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Discussion papers
https://doi.org/10.5194/acp-2019-475
© Author(s) 2019. This work is distributed under
the Creative Commons Attribution 4.0 License.
https://doi.org/10.5194/acp-2019-475
© Author(s) 2019. This work is distributed under
the Creative Commons Attribution 4.0 License.

Submitted as: research article 08 Jul 2019

Submitted as: research article | 08 Jul 2019

Review status
This discussion paper is a preprint. It is a manuscript under review for the journal Atmospheric Chemistry and Physics (ACP).

Six Global Biomass Burning Emission Datasets: Inter-comparison and Application in one Global Aerosol Model

Xiaohua Pan1,2, Charles Ichoku3, Mian Chin2, Huisheng Bian4,2, Anton Darmenov2, Peter Colarco2, Luke Ellison5,2, Tom Kucsera6,2, Arlindo da Silva2, Jun Wang7, Tomohiro Oda6,2, and Ge Cui7 Xiaohua Pan et al.
  • 1Earth System Science Interdisciplinary Center, University of Maryland, College Park, MD, USA
  • 2NASA Goddard Space Flight Center, Greenbelt, MD, USA
  • 3Howard University, Washington DC, USA
  • 4Joint Center for Earth Systems Technology, University of Maryland Baltimore City, Baltimore, MD, USA
  • 5Science Systems and Applications, Inc., Lanham, MD, USA
  • 6Universities Space Research Association, Columbia, MD, USA
  • 7University of Iowa, College of Engineering, Iowa City, IA, USA

Abstract. Aerosols from biomass burning (BB) emissions are poorly constrained in global and regional models, resulting in a high level of uncertainty in understanding their impacts. In this study, we compared six BB aerosol emission datasets for 2008 globally as well as in 14 sub-regions. The six BB emission datasets are: (1) GFED3.1 (Global Fire Emissions Database version 3.1); (2) GFED4s (Global Fire Emissions Database version 4 with small fires); (3) FINN1.5 (Fire INventory from NCAR version 1.5); (4) GFAS1.2 (Global Fire Assimilation System version 1.2); (5) FEER1.0 (Fire Energetics and Emissions Research version 1.0), and (6) QFED2.4 (Quick Fire Emissions Dataset version 2.4). Although biomass burning emissions of aerosols from these six BB emission datasets showed similar spatial distributions, their global total emission amounts differed by a factor of 3–4, ranging from 13.76 to 51.93 Tg for organic carbon and from 1.65 to 5.54 Tg for black carbon. In most regions, QFED2.4 and FEER1.0, which are based on the satellite observations of fire radiative power (FRP) and utilize the aerosol optical depth (AOD) from the Moderate Resolution Imaging Spectroradiometer (MODIS), yielded higher BB emissions than the rest by a factor of 2–4. In comparison, the BB emission from GFED4s and GFED3.1, which are based on satellite retrieval of burned area and no AOD constraints, were at the low end of the range. In order to examine the sensitivity of model simulated AOD to the different BB emission datasets, we ingested these six BB emission datasets separately into the same global model, the NASA Goddard Earth Observing System (GEOS) model, and compared the simulated AOD with observed AOD from the AErosol RObotic NETwork (AERONET) and MODIS in 14 sub-regions during 2008. In Southern hemisphere Africa (SHAF) and South America (SHSA), where aerosols tend to be clearly dominated by smoke in September, the simulated AOD were underestimated in all experiments. More specifically, the model-simulated AOD based on FEER1.0 and QFED2.4 were the closest to the corresponding AERONET data, being about 73 % and 100 % of the AERONET observed AOD at Alta-Floresta in SHSA, 49 % and 46 % at Mongu in SHAF, respectively. The simulated AOD based on the other four BB emission datasets accounted for only ~ 50 % of the AERONET AOD at Alta Floresta and ~ 20 % of at Mongu. Overall, during the biomass burning peak seasons, at most of the selected AERONET sites in each region, the AOD simulated with QFED2.4 were the highest and closest to AERONET and MODIS observations, followed closely by FEER1.0. The differences between these six BB emission datasets are attributable to the approaches and input data used to derive BB emissions, such as whether AOD from satellite observations is used as a constraint, whether the approaches to parameterize the fire activities are based on burned area, FRP, or active fire count, and which set of emission factors is chosen.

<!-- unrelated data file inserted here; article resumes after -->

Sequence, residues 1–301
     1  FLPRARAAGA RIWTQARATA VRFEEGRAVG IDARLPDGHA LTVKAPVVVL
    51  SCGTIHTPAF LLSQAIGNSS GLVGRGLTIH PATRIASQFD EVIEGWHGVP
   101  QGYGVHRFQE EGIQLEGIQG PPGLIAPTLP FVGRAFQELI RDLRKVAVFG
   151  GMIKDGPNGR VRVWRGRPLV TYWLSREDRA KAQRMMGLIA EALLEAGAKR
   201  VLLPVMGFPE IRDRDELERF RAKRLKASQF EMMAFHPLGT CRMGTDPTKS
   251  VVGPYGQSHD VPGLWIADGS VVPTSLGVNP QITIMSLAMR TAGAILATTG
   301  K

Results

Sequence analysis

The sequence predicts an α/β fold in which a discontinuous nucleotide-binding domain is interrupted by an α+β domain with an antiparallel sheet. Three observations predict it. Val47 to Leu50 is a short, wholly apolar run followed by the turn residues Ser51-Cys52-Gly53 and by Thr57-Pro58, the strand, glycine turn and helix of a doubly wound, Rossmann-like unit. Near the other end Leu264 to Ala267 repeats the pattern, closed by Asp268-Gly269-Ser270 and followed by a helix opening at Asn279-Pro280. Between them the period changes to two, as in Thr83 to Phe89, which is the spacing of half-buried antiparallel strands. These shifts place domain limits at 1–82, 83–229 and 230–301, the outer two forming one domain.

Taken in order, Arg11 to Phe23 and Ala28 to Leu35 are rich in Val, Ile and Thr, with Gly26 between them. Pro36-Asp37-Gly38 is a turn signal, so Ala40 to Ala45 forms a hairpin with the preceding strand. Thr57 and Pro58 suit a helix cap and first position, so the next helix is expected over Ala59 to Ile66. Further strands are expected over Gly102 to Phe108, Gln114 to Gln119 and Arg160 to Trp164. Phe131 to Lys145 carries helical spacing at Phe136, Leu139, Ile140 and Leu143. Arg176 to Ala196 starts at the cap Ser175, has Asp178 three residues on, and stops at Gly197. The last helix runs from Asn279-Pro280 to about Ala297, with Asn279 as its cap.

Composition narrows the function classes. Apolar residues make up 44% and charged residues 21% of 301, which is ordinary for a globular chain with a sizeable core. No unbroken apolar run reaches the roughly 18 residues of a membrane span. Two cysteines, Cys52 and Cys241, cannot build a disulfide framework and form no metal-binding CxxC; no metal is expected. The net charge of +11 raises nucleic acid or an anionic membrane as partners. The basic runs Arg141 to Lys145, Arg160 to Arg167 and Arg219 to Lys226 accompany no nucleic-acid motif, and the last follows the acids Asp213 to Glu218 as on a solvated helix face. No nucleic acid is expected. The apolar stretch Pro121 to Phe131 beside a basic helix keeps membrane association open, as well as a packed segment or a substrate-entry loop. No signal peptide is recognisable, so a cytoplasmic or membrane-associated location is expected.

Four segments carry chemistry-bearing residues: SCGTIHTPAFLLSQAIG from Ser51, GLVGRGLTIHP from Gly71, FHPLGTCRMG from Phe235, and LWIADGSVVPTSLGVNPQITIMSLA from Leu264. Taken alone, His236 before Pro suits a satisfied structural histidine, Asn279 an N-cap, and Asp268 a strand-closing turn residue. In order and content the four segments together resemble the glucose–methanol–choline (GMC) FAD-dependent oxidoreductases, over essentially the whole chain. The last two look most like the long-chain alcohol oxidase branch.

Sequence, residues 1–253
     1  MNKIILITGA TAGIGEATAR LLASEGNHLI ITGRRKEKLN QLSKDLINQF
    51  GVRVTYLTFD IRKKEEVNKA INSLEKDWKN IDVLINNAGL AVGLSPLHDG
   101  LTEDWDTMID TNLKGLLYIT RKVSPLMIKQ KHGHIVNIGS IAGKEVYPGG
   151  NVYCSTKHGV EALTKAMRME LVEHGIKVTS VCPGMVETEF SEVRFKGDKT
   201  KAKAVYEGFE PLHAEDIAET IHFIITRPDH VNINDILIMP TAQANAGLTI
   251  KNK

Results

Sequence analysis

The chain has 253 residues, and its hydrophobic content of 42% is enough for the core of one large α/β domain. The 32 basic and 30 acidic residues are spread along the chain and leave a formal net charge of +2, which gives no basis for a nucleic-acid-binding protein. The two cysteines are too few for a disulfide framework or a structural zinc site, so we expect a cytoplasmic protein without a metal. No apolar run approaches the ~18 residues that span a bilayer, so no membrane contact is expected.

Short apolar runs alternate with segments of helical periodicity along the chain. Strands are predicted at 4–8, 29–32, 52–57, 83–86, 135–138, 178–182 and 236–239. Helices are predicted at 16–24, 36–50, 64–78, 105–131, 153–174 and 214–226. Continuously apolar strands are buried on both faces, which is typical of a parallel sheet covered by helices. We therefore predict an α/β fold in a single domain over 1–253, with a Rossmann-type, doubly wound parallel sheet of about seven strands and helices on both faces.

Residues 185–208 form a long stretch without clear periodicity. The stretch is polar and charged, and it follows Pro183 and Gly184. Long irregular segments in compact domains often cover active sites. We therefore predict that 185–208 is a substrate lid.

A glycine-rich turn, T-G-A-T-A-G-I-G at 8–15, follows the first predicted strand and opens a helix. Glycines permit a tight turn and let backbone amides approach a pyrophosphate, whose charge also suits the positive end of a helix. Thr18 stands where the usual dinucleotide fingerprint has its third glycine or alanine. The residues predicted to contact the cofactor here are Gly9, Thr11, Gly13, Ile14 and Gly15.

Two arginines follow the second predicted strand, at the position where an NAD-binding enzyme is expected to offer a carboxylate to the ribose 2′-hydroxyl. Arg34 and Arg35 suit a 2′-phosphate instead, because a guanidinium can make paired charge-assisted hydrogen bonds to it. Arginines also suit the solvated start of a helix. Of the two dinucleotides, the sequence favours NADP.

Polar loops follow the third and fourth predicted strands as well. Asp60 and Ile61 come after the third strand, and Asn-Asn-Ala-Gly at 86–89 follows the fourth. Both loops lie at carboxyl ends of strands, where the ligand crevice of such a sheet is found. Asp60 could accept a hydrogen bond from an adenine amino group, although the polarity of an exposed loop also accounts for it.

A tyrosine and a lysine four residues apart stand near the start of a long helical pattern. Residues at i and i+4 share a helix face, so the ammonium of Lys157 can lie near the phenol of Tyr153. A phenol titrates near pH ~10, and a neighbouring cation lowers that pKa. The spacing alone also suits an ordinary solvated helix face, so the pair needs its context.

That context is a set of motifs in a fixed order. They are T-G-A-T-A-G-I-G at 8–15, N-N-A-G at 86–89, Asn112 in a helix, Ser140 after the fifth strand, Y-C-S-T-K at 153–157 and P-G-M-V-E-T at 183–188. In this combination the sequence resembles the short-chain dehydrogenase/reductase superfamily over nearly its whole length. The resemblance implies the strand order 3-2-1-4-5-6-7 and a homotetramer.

Xiaohua Pan et al.
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Xiaohua Pan et al.
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